Not long ago I read the first volume of an impressive, meticulously researched tome by Marilyn French called From Eve to Dawn: A History of Woman in the World, Vol. 1: Origins (The Feminist Press, 2008). At the risk of handing over the reins of my blog to a far superior writer, here is French’s assessment of women’s fashion:
“To escape this general disparagement [from men, primarily, but also from other women], women try to present themselves as above criticism or contempt. Such presentation is fostered by apparel that is clearly not designed for everyday life …. Women who adopt uncomfortable attire are desperate to distinguish themselves from the scorned common run. High fashion turns women into works of art, and women have always been willing to sacrifice freedom for the appearance of transcendence. What power is to a man, illusion is to a woman. You can count on this: in any society, in any period, whatever style emerges to distinguish the elite from ordinary women will physically constrict.”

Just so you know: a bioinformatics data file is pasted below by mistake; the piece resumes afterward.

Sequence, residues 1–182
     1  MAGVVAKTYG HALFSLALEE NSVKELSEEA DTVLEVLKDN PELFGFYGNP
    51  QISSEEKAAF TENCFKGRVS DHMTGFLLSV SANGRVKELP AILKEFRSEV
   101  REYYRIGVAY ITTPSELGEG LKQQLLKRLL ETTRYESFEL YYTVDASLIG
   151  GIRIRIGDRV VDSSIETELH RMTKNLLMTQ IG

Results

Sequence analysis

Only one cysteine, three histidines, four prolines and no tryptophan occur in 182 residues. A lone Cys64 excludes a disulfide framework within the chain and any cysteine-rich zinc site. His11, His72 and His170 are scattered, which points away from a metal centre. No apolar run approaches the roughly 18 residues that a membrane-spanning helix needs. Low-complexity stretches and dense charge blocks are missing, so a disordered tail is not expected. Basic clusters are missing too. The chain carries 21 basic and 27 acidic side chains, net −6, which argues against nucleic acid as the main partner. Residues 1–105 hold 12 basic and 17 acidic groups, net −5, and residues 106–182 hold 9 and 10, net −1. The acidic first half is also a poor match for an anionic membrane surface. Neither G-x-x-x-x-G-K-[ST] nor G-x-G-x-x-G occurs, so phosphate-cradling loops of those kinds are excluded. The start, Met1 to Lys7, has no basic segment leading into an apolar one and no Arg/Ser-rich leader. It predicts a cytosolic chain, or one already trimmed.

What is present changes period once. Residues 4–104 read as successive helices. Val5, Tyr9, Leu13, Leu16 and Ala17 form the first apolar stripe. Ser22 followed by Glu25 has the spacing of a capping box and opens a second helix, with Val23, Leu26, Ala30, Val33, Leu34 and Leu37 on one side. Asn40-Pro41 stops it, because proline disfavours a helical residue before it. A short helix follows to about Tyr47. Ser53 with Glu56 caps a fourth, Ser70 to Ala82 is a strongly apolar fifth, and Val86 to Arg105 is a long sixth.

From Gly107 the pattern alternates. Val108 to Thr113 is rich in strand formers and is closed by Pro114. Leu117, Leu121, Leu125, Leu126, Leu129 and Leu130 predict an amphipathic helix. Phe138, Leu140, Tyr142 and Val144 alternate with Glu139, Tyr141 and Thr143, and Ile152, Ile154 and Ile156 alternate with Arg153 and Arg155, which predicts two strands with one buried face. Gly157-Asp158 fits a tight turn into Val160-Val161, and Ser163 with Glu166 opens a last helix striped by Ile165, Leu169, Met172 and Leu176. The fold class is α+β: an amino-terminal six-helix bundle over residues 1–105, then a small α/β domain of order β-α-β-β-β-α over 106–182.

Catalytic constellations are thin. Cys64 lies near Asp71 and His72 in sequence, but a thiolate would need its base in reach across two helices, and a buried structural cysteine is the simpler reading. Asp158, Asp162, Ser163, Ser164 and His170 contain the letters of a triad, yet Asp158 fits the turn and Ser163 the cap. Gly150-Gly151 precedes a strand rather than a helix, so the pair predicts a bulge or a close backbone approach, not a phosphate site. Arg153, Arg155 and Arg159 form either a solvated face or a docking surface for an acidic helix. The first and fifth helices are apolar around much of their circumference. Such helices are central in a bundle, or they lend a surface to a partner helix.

But what of those who are NOT elite, who fall into the “other” categories (including, in the words of French, “fat women, old women … women with pendulous breasts or bellies or buttocks” and “little old ladies in tennis shoes“)? Well, if they’re not being subjected to ridicule, they are otherwise completely unseen. In a very amusing article I read recently, “The insults of age: A one-woman assault on condescension” [The Monthly website, 5/28/15, https://www.themonthly.com.au/issue/2015/may/1430402400/helen-garner/insults-age], writer Helen Garner points out that such invisibility carries hidden benefits: “I had known for years, of course, that beyond a certain age women become invisible in public spaces. The famous erotic gaze is withdrawn. You are no longer, in the eyes of the world, a sexual being.” But Ms. Garner finds this oddly liberating: “Oh, the relief! You have nothing to prove. You can saunter about the world in overalls.”